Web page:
Special Features: 3/5

    Deleted Scenes (HD): four deleted scenes are spread over the three discs.

    Return to the Homeland: Filming in Israel (7:52, HD): several series producers, director Michael Cuesta, and actors Mandy Patinkin and Navid Negahban discuss filming on location in Israel for the season premiere lending great authenticity to the storytelling.

    The Border: A Prologue to Season Three (1:40, HD): brief prelude to the new season featuring Brody in an action sequence far from home.

    A Super 8 Film Diary by Damian Lewis (11:05, HD): pretty much what the title explains, this is a behind-the-scenes look at the many members of the cast and crew as they work and relax during production filmed by series star Lewis.

    “The Choice”: The Making of the Season Finale (15:41, HD): important members of the crew and principal cast discuss the final episode of the season including location shooting, decisions about the life and death of characters, and where season three seems to be pointing.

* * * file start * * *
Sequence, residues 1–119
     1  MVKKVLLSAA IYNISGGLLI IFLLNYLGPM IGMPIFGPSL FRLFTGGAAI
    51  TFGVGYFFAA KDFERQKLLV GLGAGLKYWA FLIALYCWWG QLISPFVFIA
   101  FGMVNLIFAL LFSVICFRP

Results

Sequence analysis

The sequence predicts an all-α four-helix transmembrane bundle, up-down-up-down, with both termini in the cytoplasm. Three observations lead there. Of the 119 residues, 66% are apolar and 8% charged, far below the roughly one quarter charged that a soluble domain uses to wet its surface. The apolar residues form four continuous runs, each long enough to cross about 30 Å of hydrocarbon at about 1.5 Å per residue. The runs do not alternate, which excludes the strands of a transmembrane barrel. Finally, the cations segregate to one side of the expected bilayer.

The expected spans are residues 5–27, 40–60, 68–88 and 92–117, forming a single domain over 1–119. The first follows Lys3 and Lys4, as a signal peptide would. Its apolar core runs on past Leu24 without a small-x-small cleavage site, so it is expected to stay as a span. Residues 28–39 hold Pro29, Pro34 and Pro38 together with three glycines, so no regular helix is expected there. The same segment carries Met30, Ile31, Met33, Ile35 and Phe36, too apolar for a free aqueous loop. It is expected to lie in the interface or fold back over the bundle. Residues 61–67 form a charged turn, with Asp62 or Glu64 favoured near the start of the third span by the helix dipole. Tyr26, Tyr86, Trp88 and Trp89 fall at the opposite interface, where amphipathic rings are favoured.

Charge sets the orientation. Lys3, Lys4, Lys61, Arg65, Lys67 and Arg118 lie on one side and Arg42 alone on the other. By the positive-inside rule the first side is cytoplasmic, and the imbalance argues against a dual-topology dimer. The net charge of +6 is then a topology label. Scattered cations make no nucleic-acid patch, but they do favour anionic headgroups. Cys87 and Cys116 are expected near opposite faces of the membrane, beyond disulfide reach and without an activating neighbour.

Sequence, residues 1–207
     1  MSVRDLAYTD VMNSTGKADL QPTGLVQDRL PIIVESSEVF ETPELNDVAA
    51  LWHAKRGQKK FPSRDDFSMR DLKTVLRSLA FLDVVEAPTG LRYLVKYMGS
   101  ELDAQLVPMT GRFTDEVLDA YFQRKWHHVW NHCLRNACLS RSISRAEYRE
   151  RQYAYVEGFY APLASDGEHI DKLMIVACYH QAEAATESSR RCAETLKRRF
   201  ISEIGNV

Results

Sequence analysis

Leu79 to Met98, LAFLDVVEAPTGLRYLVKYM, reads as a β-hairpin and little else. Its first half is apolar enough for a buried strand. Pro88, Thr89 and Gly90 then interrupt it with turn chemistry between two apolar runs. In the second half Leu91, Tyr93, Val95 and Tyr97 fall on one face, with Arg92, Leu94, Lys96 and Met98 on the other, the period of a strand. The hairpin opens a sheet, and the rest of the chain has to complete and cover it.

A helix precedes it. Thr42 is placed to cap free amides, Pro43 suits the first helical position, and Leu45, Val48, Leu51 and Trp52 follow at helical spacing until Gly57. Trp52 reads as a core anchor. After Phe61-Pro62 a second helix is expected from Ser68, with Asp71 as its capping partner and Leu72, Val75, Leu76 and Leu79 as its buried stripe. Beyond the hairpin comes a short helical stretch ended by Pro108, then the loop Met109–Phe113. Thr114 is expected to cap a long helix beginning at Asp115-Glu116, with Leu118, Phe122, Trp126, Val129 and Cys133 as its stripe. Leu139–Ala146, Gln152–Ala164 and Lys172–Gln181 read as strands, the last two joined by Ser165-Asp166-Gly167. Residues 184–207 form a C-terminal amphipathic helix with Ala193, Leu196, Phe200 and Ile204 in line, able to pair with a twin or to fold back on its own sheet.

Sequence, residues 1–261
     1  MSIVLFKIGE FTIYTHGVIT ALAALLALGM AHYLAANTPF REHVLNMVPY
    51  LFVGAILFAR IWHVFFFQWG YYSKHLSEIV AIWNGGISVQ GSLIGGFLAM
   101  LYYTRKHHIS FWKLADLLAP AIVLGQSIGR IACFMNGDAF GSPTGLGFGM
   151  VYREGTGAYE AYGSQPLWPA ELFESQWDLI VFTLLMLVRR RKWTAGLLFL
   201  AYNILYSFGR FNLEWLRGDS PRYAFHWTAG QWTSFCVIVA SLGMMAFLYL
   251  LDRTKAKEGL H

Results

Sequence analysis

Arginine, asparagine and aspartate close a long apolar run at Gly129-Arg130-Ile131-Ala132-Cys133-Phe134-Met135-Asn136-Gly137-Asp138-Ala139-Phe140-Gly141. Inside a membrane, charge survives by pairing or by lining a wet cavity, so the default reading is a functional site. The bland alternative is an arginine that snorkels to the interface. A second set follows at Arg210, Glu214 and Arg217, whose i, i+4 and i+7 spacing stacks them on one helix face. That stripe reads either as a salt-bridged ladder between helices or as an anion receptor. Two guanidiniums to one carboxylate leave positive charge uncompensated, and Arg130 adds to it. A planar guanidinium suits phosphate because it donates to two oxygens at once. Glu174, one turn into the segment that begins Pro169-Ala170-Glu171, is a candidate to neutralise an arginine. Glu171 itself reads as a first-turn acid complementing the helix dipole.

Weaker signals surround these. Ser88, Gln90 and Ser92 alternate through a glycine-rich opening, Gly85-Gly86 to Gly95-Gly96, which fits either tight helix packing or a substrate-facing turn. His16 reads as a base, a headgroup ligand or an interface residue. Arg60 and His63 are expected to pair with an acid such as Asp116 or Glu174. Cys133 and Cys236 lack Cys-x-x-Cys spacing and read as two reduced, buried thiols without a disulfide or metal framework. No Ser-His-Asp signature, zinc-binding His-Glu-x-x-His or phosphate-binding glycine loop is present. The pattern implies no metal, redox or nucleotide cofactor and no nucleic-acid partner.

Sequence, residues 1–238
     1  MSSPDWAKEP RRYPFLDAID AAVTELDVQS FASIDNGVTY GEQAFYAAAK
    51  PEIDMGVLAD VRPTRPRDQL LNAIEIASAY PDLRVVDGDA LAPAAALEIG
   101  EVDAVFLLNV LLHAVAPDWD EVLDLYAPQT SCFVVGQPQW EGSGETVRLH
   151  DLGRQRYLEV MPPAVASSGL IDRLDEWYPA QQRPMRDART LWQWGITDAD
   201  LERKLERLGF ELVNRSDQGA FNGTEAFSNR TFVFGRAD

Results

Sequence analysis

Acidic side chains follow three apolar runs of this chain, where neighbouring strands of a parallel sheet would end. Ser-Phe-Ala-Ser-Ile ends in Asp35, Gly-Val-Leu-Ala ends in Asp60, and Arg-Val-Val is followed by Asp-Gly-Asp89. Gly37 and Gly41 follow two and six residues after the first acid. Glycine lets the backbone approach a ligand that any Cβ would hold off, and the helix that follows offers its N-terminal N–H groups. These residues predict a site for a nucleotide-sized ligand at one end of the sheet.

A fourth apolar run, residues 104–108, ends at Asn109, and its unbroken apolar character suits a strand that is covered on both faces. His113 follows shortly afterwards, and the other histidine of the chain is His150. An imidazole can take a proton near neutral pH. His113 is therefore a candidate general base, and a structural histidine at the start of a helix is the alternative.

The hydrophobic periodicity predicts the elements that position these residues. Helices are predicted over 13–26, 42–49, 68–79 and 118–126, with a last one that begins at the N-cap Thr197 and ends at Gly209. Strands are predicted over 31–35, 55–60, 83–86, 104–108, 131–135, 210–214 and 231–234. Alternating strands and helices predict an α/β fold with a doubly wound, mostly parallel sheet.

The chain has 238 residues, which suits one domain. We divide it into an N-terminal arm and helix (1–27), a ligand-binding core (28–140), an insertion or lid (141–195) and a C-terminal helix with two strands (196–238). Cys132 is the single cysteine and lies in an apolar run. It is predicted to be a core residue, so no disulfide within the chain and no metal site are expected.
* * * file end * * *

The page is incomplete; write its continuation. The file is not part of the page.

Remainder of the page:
Promo Trailers (HD): Homeland: Season One, The Americans, Sons of Anarchy, American Horror Story: Asylum.

    Overall Rating: 4/5

    An outstanding season of the Emmy-winning Homeland, season two contains much breakneck pacing and breathless action scenes and a climactic episode that scores major ironic points in plotting. The Blu-ray set provides excellent picture and sound quality and a few entertaining extras. Recommended!

    Reviewed by: Matt Hough